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Universität Heidelberg Presents James W.C. Pennington Award

Press Release No. 119/2014
16 June 2014
Historian Laurie Maffly-Kipp receives prize for research in African-American religion and history

Historian and religious scholar Prof. Dr. Laurie Maffly-Kipp from Washington University in St. Louis is this year’s recipient of the James W.C. Pennington Award, which will be bestowed on 24 June 2014. The prize pays tribute to the African-American churchman and former slave James W.C. Pennington. In 1849, Pennington received an honorary doctorate from Heidelberg University. He was thus the first African American to receive this title from a European university. The price is awarded by the Heidelberg Center for American Studies (HCA) and the Faculty of Theology. The presentation will be held at the HCA and begins at 6.15 pm. Prof. Maffly-Kipp’s keynote address is entitled “James W.C. Pennington and the Origins of African-American Historiography”.

The James W.C. Pennington Award is given to scholars who have done distinguished work on the African-American experience in the Atlantic world. It encompasses a month-long research stay in Heidelberg. A generous contribution from Dr. h.c. Manfred Lautenschläger, long-time supporter of the HCA, laid the foundation for the first awards. When the new award was inaugurated in 2011, US President Barack Obama sent official greetings to the HCA.

Laurie Maffly-Kipp holds a professorship at the John C. Danforth Center for Religion and Politics at Washington University. She received her B.A. from Amherst College in English and Religion and her Ph.D. in American History at Yale University. From 1989 to 2013 she taught Religious Studies and American Studies at the University of North Carolina at Chapel Hill. She is the author and editor of numerous publications, among them a study on Protestant spiritual practices in Gold Rush California, a volume on African-American history and religion and a collection of writings by African-American women historians. Her latest project is a survey of Mormonism in American life.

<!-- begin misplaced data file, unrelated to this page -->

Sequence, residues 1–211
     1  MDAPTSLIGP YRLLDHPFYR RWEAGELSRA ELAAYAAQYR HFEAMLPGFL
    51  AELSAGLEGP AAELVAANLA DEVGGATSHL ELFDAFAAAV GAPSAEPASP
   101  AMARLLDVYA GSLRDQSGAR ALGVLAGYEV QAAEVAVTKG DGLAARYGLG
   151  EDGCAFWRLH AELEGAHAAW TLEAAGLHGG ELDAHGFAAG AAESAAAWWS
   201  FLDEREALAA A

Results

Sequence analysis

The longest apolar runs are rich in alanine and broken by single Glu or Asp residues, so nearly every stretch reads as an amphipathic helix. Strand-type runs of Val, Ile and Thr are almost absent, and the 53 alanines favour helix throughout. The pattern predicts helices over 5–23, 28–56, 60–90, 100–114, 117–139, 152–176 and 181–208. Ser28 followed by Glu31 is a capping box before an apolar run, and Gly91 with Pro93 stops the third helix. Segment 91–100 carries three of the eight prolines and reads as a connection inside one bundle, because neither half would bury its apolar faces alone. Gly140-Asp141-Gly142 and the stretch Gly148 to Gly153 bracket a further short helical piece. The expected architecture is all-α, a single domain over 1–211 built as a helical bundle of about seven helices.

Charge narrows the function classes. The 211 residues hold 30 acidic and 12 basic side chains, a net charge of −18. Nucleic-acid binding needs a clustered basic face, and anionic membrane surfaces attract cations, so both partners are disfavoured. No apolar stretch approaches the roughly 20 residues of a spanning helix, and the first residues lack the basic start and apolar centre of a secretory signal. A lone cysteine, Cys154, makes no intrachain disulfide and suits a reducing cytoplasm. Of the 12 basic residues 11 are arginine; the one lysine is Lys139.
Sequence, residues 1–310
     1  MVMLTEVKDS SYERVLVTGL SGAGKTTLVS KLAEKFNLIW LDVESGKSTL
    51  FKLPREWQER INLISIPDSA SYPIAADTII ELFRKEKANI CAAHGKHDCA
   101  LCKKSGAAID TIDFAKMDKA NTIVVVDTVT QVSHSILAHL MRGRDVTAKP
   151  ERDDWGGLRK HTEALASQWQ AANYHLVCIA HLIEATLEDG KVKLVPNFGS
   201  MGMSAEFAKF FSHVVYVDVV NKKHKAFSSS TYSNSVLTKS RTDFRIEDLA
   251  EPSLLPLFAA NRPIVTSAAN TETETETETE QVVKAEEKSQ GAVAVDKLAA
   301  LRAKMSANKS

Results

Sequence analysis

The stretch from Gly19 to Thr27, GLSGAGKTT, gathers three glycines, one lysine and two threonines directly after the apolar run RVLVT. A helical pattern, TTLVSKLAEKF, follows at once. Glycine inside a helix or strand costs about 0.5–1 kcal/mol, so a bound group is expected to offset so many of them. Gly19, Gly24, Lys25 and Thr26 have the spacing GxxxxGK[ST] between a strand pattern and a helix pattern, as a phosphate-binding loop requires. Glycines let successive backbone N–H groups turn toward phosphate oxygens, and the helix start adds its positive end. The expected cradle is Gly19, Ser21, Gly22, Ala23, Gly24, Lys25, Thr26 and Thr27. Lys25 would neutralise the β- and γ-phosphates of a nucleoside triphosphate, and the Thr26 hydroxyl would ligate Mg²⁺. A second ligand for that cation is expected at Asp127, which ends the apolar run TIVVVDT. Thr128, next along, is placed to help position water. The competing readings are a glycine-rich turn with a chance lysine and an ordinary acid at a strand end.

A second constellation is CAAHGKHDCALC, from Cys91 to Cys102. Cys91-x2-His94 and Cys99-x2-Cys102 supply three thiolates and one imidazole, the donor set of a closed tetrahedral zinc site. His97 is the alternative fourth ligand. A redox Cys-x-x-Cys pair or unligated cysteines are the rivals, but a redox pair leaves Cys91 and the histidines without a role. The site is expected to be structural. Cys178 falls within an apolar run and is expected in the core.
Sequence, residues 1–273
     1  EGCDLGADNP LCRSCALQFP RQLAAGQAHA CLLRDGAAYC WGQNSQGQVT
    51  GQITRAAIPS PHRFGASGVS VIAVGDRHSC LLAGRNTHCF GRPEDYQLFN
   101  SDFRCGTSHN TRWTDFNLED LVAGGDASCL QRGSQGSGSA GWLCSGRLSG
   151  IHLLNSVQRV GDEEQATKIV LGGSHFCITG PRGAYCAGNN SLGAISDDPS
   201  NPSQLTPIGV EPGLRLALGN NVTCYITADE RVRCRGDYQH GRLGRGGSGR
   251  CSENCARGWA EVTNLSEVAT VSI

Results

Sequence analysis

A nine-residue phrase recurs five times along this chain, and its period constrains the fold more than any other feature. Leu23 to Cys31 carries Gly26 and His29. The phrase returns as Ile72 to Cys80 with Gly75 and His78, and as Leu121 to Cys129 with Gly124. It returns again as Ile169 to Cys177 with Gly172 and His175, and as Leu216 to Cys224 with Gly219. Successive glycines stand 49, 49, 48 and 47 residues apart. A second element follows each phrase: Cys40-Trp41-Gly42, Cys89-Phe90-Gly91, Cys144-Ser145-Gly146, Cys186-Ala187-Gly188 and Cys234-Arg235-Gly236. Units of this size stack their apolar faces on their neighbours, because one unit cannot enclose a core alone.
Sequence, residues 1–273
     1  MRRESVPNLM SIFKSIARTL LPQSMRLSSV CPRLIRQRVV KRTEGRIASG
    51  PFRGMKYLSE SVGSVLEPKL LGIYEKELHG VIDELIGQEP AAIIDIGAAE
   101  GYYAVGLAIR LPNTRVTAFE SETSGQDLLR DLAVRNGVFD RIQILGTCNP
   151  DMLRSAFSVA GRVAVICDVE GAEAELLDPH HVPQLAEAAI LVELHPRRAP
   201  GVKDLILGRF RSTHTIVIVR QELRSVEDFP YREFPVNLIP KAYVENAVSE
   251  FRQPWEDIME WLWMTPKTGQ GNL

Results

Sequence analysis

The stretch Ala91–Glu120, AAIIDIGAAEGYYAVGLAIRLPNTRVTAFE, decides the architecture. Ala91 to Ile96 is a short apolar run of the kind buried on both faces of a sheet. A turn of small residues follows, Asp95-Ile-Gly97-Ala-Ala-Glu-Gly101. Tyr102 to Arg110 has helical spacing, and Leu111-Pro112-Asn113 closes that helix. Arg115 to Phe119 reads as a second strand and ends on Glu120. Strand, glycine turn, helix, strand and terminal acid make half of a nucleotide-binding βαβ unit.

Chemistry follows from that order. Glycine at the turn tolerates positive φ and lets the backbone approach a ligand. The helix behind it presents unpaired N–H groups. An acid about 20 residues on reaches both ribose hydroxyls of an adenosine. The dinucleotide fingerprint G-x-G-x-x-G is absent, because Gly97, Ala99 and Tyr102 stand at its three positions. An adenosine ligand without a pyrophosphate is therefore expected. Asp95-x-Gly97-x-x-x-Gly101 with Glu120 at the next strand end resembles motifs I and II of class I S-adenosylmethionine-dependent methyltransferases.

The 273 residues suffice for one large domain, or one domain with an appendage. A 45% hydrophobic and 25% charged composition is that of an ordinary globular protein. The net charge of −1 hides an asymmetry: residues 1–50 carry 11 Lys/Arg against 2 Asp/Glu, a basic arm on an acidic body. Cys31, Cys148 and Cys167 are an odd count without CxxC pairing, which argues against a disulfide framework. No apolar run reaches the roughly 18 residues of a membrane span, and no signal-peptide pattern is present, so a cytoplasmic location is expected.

Born in 1809, Pennington escaped bondage at the age of eighteen. He learned to read and write and in 1834 was the first black man to attend classes at Yale University. In 1838 he was ordained a minister of the Presbyterian Church. At the 1849 World Peace Congress in Paris, Pennington was befriended by the Heidelberg scholar Friedrich Carové. Pennington so impressed Carové that in the same year he persuaded the Heidelberg Faculty of Theology to confer an honorary doctorate on the black minister.

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Latest Revision: 2014-06-16
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